II. The second dimension of the Great Turning is equally crucial. To free ourselves and our planet from the damage being inflicted by the Industrial Growth Society, we must understand its dynamics. As I indicated earlier, when we take off the blinders, what we see is not a pretty picture. It takes courage and confidence in our own common sense to look at it with realism, to sustain the gaze; the rewards are great when we do. When we see how this global economy system operates, for example, we are less tempted to demonize the politicians and corporate CEOs who are as much in bondage to it as we are. And, for all the apparent might of the Industrial Growth Society, we can also see its fragility – how dependent it is on our participation, and how doomed it is to devour itself.
In this second dimension of the Great Turning, we are not only studying the structural causes of the global crisis; we are also creating alternative institutions. These two efforts go hand in hand. Examples are too numerous to summarize now, but I do want to mention cohousing as one–because I live in a cohousing community. I also believe psychosynthesis can also play a part in this dimension, critiquing the theory and practices in mainstream psychology which pander to the status quo, and supporting more collaborative, cooperative models of human relationship. AAP itself may qualify as an alternative institution, based as it is on collaboration and a vision of a more harmonious world.
III. These nascent institutions cannot take root and survive without deeply ingrained values to sustain them. Because our institutions always reflect what we truly believe about ourselves, these alternative structures will mirror what we want and how we relate to Earth and each other. Therefore, they require a profound shift in our perception of reality – and that shift is happening now, both as cognitive revolution and spiritual awakening. It is the third, most basic dimension of the Great Turning.
The insights and experiences that enable us to make this shift are like the hub of the wheel: they enable its turning. Profoundly generative, they are present now. They arise as grief for our world, giving the lie to old paradigm notions of the essential separateness of the isolated, competitive ego. They arise in breakthroughs in scientific thought, to the new lenses on reality provided by quantum theory, astrophysics, and general living systems theory. We may find ourselves moved by the wisdom traditions of native peoples and mystical voices in our own religions, hearkening to their teachings as to some half-forgotten song that reminds us again that our world is a sacred whole–in which we have a sacred mission.
Now, in our time, these three rivers – anguish for our world, scientific breakthroughs, and ancestral teachings – flow together. From the confluence of these rivers we drink. We awaken to what we once knew: we are alive in a living Earth, source of all we are and can achieve. Despite our conditioning by the industrial society of the last two centuries, we want to name, once again, this world as holy.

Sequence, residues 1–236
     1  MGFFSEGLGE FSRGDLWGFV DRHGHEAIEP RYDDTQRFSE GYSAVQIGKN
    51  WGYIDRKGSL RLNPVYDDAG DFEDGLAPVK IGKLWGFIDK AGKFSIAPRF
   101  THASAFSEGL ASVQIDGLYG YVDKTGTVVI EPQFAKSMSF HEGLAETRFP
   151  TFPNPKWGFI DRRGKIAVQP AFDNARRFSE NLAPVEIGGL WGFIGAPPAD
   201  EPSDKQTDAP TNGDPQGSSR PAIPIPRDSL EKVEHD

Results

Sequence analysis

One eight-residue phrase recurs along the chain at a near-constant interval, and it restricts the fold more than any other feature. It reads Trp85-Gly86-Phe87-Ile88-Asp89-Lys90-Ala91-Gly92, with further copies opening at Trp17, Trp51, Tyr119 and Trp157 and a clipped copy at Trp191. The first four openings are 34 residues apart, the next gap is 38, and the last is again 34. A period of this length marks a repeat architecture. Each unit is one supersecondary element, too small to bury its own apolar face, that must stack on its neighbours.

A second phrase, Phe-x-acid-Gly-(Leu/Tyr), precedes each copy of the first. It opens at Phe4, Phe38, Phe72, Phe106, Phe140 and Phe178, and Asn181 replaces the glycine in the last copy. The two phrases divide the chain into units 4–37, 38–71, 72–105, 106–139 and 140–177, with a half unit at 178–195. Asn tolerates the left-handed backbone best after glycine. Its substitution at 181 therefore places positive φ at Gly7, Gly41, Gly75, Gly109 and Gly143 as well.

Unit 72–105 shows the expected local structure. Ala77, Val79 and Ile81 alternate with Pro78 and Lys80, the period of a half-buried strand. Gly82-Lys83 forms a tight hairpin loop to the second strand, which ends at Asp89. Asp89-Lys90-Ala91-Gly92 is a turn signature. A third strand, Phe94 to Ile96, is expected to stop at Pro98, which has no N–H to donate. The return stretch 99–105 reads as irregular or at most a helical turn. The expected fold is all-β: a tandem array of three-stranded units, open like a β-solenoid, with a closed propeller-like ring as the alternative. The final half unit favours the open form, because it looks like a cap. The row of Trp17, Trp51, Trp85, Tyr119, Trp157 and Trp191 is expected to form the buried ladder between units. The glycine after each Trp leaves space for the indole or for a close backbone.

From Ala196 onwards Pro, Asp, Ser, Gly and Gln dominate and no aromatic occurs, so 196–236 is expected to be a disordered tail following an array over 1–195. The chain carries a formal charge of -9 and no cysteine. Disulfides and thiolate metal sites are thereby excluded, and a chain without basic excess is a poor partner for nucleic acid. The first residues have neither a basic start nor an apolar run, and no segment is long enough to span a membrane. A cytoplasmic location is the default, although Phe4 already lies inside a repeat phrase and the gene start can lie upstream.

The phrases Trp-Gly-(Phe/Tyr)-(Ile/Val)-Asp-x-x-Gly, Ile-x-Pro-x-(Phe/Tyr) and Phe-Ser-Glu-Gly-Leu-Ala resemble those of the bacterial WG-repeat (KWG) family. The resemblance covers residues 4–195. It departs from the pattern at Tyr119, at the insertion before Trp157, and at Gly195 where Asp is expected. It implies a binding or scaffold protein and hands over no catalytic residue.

These insights and experiences are absolutely necessary to free us from the grip of the Industrial Growth Society. They offer us nobler goals and deeper pleasures. They help us redefine our wealth and our worth. The reorganization of our perceptions liberates us from illusions about what we need to own and what our place is in the order of things. Taking us beyond the tired old notions of competitive individualism, they bring us home to each other and our mutual belonging in the living body of Earth. The ingredients and forms of this awakening are many: General living systems theory, Gaia theory, deep ecology, creation spirituality and liberation theology, Engaged Buddhism and similar currents in Hindu, Hasidic, Sufi, Taoist, and shamanic traditions, Ecofeminism, Ecopsychology, the Ecojustice movement, the simple living or voluntary simplicity movement, and of course the transformative capacities of music and art.
Many of us in this room will no doubt see psychosynthesis as contributing significantly to this third dimension of the Great Turning, awakening us to our deep and essential relatedness, with all the parts of ourselves, and with the larger world. Psychosynthesis has enabled us to see the underlying unity within the beauty of diversity, and to find the synthesis that always lies potential within any set of conflicting opposites. It has helped us loosen our identification with the “skin-encapsulated ego” and identify with the Self as the spiritual source within all living beings. It has guided us towards greater awareness of our motivations, needs, wants, and behavior patterns, and taught us to choose consciously from a center of wisdom, love, and power.
This shift in our sense of who we are and how we relate to the world will be life-saving in the social, economic, and ecological traumas that lie before us. All honest forecasts are for rough weather ahead–indeed we have experienced the beginnings in the last seven months. The realizations we make in the third dimension of the Great Turning can save us from succumbing to either panic or paralysis. They help us resist the temptation to stick our heads in the sand. They also help us withstand the temptation to turn on each other, finding scapegoats on whom to vent our fear and rage. When we know and revere the wholeness of life, we can stay alert and steady. We know there is no private salvation. We join hands to find the ways the world self-heals – and see the chaos as seedbed for the future.